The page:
Our Festival dream began in 2014, with the first glimmer of an idea to create something which could be enjoyed by all ages and interests. But what drives anyone to make such a huge investment of time, energy and passion into a public event?
We’ve already covered the Derby Book Festival story with our co-founders Sian Hoyle and Jenny Denton. This time we’re priviliged to speak to award-winning poet, screenwriter and Oscar-nominated film producer Henry Normal about the Manchester Poetry Festival, and with Newark Book Festival’s Artistic Director Sara Bullimore.
Manchester Poetry Festival and Nottingham Poetry Festival
In my late twenties I was performing around the country at Art and Literature Festivals sometimes with my good friend and fellow poet Lemn Sissay.
Both Lemn and I are urban by upbringing so it seemed strange to be reading at almost entirely rural festivals in those days. I decided we needed a Manchester Poetry Festival.
Twenty five years ago I’d just done my first TV show, called ‘Packet of Three’. Although it was well paid I was disappointed with my contribution. As I was feeling unhappy I decided I’d use the money to put into something that would give someone, somewhere, some happiness.
I put on 10 days of events in the centre of Manchester starting with Tony Harrison supported by a local poet. I always ensured a local poet was on each event as for me it was essentially about building the community. My favourite night was hosting Seamus Heaney on his return from receiving a Nobel Prize.
I did about 4 years and then passed it on. The Manchester Poetry Festival has since become the prestigious Manchester International Literature Festival.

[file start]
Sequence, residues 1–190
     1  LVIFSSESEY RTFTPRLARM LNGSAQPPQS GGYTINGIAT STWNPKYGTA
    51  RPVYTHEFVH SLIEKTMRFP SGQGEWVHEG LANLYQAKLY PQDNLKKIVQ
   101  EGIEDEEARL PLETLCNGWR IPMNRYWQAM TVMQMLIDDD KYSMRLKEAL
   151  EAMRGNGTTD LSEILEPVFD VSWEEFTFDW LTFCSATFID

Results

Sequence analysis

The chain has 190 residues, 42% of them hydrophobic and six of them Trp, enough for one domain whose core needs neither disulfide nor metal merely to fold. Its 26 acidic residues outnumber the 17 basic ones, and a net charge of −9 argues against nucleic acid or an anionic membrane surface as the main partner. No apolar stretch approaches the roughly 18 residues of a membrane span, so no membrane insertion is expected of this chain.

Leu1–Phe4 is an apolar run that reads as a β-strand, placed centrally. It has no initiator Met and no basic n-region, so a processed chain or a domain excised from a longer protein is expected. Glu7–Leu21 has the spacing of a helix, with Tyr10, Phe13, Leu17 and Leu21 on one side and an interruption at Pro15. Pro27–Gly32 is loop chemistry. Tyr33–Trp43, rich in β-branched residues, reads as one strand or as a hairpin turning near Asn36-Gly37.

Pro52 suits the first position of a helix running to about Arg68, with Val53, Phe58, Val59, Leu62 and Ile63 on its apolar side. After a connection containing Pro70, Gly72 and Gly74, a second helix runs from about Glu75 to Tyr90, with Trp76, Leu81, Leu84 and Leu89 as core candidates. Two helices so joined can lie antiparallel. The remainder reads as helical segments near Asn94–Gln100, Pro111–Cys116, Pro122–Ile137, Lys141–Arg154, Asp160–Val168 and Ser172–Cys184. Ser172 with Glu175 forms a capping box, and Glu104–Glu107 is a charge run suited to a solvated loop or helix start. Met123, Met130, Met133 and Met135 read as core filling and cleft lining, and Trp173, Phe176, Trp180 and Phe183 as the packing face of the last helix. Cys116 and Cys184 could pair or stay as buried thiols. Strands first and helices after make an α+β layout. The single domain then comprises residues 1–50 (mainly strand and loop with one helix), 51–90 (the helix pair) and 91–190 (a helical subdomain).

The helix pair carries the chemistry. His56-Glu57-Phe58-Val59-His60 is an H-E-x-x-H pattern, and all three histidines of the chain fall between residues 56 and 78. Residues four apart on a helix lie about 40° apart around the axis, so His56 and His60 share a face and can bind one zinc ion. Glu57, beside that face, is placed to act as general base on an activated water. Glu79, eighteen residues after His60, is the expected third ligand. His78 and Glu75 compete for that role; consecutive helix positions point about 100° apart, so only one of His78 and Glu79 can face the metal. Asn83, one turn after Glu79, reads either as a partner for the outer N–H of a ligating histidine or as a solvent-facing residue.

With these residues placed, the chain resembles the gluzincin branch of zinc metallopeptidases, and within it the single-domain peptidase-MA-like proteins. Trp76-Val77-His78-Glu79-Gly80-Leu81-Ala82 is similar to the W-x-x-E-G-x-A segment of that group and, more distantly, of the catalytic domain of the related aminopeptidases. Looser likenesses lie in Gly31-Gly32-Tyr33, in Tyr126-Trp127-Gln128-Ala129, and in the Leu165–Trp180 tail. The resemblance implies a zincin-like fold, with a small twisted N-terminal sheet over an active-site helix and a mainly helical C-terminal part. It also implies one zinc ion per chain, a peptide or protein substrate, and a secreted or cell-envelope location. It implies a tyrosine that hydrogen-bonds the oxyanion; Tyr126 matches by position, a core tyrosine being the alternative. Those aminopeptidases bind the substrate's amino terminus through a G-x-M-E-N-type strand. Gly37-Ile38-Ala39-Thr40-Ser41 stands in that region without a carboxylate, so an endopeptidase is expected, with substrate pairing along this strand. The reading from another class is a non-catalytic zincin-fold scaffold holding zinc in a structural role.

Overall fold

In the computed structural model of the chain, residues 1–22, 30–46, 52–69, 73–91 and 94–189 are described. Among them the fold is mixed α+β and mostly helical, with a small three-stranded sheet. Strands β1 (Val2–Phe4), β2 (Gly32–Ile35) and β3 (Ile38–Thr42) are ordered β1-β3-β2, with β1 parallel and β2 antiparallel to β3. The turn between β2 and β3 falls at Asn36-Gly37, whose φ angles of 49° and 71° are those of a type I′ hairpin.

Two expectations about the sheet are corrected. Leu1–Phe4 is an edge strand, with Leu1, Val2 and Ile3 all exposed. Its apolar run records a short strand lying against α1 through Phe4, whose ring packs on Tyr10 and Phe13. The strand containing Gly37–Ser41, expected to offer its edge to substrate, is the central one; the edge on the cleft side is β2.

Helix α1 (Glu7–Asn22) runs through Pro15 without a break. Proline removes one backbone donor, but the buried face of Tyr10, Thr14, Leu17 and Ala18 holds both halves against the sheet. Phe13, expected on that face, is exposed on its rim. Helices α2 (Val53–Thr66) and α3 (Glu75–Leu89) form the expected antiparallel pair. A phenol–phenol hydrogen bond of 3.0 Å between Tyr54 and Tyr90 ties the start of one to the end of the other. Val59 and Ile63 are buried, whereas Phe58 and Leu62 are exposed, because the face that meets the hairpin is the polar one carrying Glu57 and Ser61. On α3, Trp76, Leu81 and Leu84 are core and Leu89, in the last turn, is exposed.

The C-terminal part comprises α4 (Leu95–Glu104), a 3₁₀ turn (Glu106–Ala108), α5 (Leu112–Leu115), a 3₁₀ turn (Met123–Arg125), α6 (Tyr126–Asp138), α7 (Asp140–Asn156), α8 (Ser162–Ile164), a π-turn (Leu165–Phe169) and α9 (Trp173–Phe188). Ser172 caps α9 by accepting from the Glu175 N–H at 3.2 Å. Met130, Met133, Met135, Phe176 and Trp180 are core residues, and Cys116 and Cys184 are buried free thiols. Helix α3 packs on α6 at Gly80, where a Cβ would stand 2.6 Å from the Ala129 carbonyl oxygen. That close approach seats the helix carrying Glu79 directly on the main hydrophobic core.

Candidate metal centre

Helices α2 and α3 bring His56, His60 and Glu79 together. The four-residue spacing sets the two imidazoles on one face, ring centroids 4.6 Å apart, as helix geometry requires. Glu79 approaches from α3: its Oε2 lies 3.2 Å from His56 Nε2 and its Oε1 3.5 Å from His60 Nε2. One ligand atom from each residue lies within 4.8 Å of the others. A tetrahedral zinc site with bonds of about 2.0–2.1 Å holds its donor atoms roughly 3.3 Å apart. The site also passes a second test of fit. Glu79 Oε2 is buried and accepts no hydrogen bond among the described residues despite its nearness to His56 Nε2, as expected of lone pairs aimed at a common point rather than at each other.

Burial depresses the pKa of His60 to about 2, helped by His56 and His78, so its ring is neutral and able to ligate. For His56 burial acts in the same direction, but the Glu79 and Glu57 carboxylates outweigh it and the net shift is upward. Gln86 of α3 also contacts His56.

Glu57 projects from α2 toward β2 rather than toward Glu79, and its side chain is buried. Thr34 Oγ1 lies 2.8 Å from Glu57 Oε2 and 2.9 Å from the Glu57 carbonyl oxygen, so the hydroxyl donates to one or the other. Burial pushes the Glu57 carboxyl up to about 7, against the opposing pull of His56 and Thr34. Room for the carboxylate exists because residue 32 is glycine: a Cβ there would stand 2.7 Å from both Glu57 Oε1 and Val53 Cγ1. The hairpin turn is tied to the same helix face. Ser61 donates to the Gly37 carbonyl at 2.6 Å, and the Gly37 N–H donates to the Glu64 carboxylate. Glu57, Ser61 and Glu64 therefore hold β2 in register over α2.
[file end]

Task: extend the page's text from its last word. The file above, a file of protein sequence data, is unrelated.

Five years ago I decided with Craig Chettle to set up the Nottingham Poetry Festival along similar lines. The 2019 brochure contained over 70 events. Again it’s about building the community and I’ve been excited at how vibrant the Nottingham poetry scene has become.
I believe a Poetry festival is basically a structured party for people who enjoy poetry and that everyone should be encouraged to join in and build the connections that help spread the effect throughout the years to come.
Newark Book Festival
In 2015 & 2016 a volunteer ran a Books In The Castle in Newark. I helped him with advice in the early days as I am freelance and have been working in the festival industry for many years, after setting up and running Lincoln Book Festival from 2003-2010.
In 2017 the volunteer stepped down and I took on Newark Book Festival as a not-for-profit. I re-branded/new name/set up websites, etc. and re-did the artistic programme and venues.
The motivation being that Newark had the perfect ingredients for a perfect festival, there was want and demand in place and opportunities to bring my experience back to my hometown to work with partners and help raise the profile of literature/literacy skills and reading for pleasure alongside.
Festivals are important. They bring communities and people together – all ages and backgrounds, allow for opportunities for paid work, volunteers, being a Friend, the feeling of being a part of something bigger, and they have an economic and social impact.
They develop specific skills and broaden peoples horizons – from confidence, to social skills, arts, crafts, writing, publication advice, promote reading for pleasure and much more.
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Photo copyright Henry Normal | Map exerpt copyright Newark Book Festival